Rachman, Tom. (2010). The Imperfectionists. New York: Random House/Dial.
This New York Times “Notable Book” has an interesting marketing angle. Its cover and first few inside pages contain hyperbolic praise from newspaper book reviewers, while the book itself is a sympathetic treatment of people who work at a newspaper. It reminds me of that documentary film about product placement in movies, financed entirely by product placements.
Marketing strategy aside, The Imperfectionists is an interesting read on its own merits. It comprises a dozen or so short chapters, each of which vignettes a character who works at a contemporary English-language newspaper published in Rome. There are chapters about the copy editor, the fact-checker, the editor-in-chief, the publisher, various reporters, and so on. The relatively independent vignettes are loosely tied together by interactions among the characters, such as office romances, hiring and firing decisions, and by the gradual decline of the newspaper as circulation falls off (oddly, no mention is made of advertising sales or revenue.)
Short, three-page chapters in italics are interspersed, to let the omniscient, third-person narrator tell what happens to the newspaper and its ownership over time, independent of the characters’ exertions.
There is no real dramatic tension in the larger newspaper story. Over several generations of publishers, the paper inexorably declines and is eventually shuttered. No surprise there. But the individual character stories are well written, especially in the first third of the book. In each chapter, the main character has a particular psychological vulnerability, a desperate need that drives the character in everything he or she does, but the character is not fully aware of that need, and in fact may have a completely different, even delusional self-assessment, which results in interesting, conflicted behavior. It is the classic Aristotelian hamartia.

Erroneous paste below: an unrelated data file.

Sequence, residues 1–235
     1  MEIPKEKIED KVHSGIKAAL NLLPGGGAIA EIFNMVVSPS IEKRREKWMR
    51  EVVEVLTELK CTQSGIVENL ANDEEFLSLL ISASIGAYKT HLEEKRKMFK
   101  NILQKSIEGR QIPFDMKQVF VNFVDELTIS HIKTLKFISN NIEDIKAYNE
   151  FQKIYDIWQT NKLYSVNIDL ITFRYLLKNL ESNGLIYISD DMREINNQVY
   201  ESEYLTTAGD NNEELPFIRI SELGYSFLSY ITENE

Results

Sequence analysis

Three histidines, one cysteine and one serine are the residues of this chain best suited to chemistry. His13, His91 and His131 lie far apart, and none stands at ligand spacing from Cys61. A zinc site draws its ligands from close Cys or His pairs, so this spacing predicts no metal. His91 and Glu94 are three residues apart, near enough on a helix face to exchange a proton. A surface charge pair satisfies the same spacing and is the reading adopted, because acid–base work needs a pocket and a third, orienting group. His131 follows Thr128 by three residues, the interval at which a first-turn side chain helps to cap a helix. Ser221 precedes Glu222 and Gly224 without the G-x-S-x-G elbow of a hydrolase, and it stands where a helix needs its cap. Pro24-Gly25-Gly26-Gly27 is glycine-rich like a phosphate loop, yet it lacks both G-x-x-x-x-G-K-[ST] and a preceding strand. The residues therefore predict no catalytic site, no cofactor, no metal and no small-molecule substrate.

For example, one character is a formerly successful free-lance reporter for the paper in Cairo, but hasn’t sold a story in years and is seriously broke as old age approaches. He still thinks of himself as an important success, but can only manage lame features, not hard news any more. Also, he is extremely lonely, and estranged from his adult son, and desperately wants to reconnect with him. He pretends he can look out for the son, teach him the ropes, and so on, while the son, for his part, realizes the father needs help. The complexities of that relationship are expertly drawn and expressed.
Other vignettes involve unrequited love, unrecognized character disorders, self-blinding arrogance, incredible naivety, and many other human imperfections. Each main character has a fundamental flaw that makes his or her life interesting to read about. Most are not quite unreliable characters, but rather, simply “imperfect” ones. This trick of characterization is one that every writer needs to learn, and there could be no better illustration of its effectiveness than this book. The writing is excellent, the diction is high, the humor droll, and the characters well-rendered.
Unfortunately, every chapter trots out this one-trick pony, and after five or six shows, the exercise gets stale. In addition, the best vignettes are the first half-dozen, and after that, many of the characters’ “imperfections” are so obvious and rendered with such a heavy hand that the characters become two-dimensional, implausible, and uninteresting. It is as if the author ran out of interesting characterological imperfections to explore, or did not take the time to explore them fully. But overall, I think the first third of the book is worth the cover price.